Be afraid, be very afraid. Neighbourhood
Watch is all that keeps the angry criminal underclass
from kicking down the front door and slitting throats.
Security-driven logic keeps us locked inside our homes.
The wealthy move into luxury enclaves designed for Bond
villains, with restricted entry, guards and private roads;
while the rest of us rely on a locksmith. The spectre
of violent crimes is kept at bay with five-bar locks,
bolts and security gates. Despite every statistic showing
that we're far more likely to be attacked by our nearest
and dearest, we insulate ourselves against the outside
In the US the search for absolete security
is a boom industry. In Beverly Hills and Bel Air wealthy
home owners are hiring architects whose design details
come from military command posts and overseas embassies.
No ninetees-built Bal Air mansion is complete without
a 'terrorist proof security room'. In the face of urban
poverty, homelessness and welfare cuts, investment is
ploughed into private security rather than alleviating
social conditions. Let's redecorate the bunker, baby!
It's not just the rich who are battening down the hatches.
British property developers are alking in terms of 'restricted
housing' for the young as well as the elderly. Developers
are beginning to offer child-free environments. Some three
bedroom semis are going to start coming with the provisio
that homeowners have to sell up and move on if they decide
to have children. Kids make noise, play on the street,
grow up to be dangerous teenagers. A 'good' area is a
dead zone with deserted streets from 6pm onwards. Crowds,
street life and spectacle are something we see on TV or
at the cinema. It's the privatisation of experience.
Public space is becoming a thing of
the past. The great municipal parks of the 19th century
are all that remain of the egalitarian idea that people
need space. Most parks are locked up after dark . We're
allowed to gather in large groups if we're willing to
pay for the privilige. Pop concerts, theme parks, shopping
centers and sporting events are more or less the only
places where crowd isn't met by cops in riot gear. MCA,
Universal, Granada and Disney capitalise on our craving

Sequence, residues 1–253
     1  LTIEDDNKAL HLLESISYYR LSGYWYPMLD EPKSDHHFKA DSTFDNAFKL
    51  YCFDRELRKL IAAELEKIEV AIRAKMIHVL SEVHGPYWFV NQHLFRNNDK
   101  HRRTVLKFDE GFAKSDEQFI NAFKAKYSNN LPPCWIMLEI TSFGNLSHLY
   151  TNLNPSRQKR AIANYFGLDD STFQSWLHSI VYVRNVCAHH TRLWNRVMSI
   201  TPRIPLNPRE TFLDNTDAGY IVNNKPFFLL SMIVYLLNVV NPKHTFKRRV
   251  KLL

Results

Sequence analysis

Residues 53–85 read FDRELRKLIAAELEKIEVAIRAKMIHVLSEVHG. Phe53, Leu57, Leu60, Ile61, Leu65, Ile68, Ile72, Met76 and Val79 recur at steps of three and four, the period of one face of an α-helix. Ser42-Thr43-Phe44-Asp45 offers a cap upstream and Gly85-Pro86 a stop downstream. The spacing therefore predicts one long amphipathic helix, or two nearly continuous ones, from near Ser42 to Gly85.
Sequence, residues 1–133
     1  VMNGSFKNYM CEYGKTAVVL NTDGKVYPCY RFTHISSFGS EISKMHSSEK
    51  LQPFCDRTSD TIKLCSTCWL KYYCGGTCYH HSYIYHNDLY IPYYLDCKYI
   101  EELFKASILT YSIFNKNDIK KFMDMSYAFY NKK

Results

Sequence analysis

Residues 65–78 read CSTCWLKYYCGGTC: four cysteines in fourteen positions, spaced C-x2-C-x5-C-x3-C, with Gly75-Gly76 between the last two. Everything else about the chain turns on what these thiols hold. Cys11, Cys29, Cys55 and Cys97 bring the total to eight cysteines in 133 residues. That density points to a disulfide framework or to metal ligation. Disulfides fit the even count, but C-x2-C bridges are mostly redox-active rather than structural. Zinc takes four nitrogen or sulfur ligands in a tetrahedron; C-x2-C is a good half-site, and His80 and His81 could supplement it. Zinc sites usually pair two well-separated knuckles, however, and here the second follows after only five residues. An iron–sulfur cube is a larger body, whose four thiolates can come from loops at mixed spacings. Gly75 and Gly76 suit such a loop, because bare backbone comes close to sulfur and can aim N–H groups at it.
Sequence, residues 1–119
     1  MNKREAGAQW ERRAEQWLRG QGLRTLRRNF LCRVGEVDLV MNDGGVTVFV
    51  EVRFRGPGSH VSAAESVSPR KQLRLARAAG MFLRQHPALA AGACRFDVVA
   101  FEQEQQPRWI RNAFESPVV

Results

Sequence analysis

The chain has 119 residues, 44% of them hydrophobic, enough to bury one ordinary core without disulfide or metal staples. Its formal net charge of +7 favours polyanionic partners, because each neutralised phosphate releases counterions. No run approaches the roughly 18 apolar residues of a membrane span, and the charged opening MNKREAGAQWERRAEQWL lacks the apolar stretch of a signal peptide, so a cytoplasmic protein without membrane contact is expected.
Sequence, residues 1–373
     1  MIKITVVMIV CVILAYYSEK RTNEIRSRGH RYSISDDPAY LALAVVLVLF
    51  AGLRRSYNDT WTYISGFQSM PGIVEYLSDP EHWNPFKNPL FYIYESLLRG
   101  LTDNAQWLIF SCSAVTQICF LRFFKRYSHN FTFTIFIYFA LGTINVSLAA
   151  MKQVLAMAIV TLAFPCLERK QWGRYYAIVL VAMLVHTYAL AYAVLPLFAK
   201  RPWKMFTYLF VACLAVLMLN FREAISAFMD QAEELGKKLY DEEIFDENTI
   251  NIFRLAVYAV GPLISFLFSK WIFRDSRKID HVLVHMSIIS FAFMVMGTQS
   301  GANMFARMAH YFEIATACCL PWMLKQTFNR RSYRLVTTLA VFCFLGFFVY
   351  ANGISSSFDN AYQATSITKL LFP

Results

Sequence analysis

for crowds and bustle for supplying sanitised theme park
versions of streets. Why bother visiting the real Beale
St or Baker St when for a free you can stroll down a safe
tourist version complete with costumed actors? It's a
junk food version of urban life.The lack of public meeting
places is a mesure of repression. In parts of Central
and South Africa and the so-called 'third world' people
aren't even allowed to meet up in church. It's not Jesus
Christ who's perceived as a threat, but the act of gathering
together as a group. Whenever there is a domestic crisis
the first thing the authorities do is break up a crowd.
The British Criminal Justice Bill gives police the right
to disperse groups of more than three people. Three's
a crowd who might just be planning a revolution.
Bus shelters are now designed without
benches so that kid are discouraged from gathering in
them, and the homeless can't use them as a shelter. In
Britain, the Goverment-appointed 'Homelessness Tsar',
Louise Casey, announced moves to sweep the homeless from
the streets. Calling for an end to the 'culture of kindness',
she claimed soup runs and handouts housing but to punish
poverty. The US has long waged brutal, low intensity warfare
on the homless. According to Mike Davis in 'City of Quartz':
"The City (LA) is engaged in mercilness
struggle to make public facilities and spaces as 'unliveable'
as possible for the poor... adopting the idiom of a urban
cold war, it promotes the 'containment'of the homeless
in Skid Row along Fith Street east of the Broadway, systematically
transforming in the neighbourhood into an outdoor poorhouse."
Even places that have been used as
common land for centuries are under threat: Glasgow Green's
long history of being the spot where generation after
generation gathered to debate and air their political
grievances didn't stop Glasgow's Labour Council from trying
to sell it off to private developers. The Green's political
significance can't have eascped the council.
In the absence of human contact
we're supposed to turn to business culture as a
panacea for our isolation and loneliness. The delivery
of interactive media and virtual reality means that
we can work and shop from our own homes. Actual
space has been replaced by virtual space, but only
for those who can afford it. MCI promises a world
without race, gender or age: "Is this a great
time or what?" IBM offers "solutions for
a small planet" while Microsoft asks us, "Where
do you want to go today?"
What sounds like an offer of
limitless freedom is a short cut to ending up with
a load of old Bill Gates software. The language
of choice gives the illusion of diversity; but the
communications giants aren't offering us liberty,
or the promiscuous feeling of being among strangers,
or excitment, adventure, and the thrill of human
contact. Oh no. We're being offered isolation from
society... the chance to stay at home, stay paranoid
and keep buying things.
from Chumbowamba's "Pass It Along"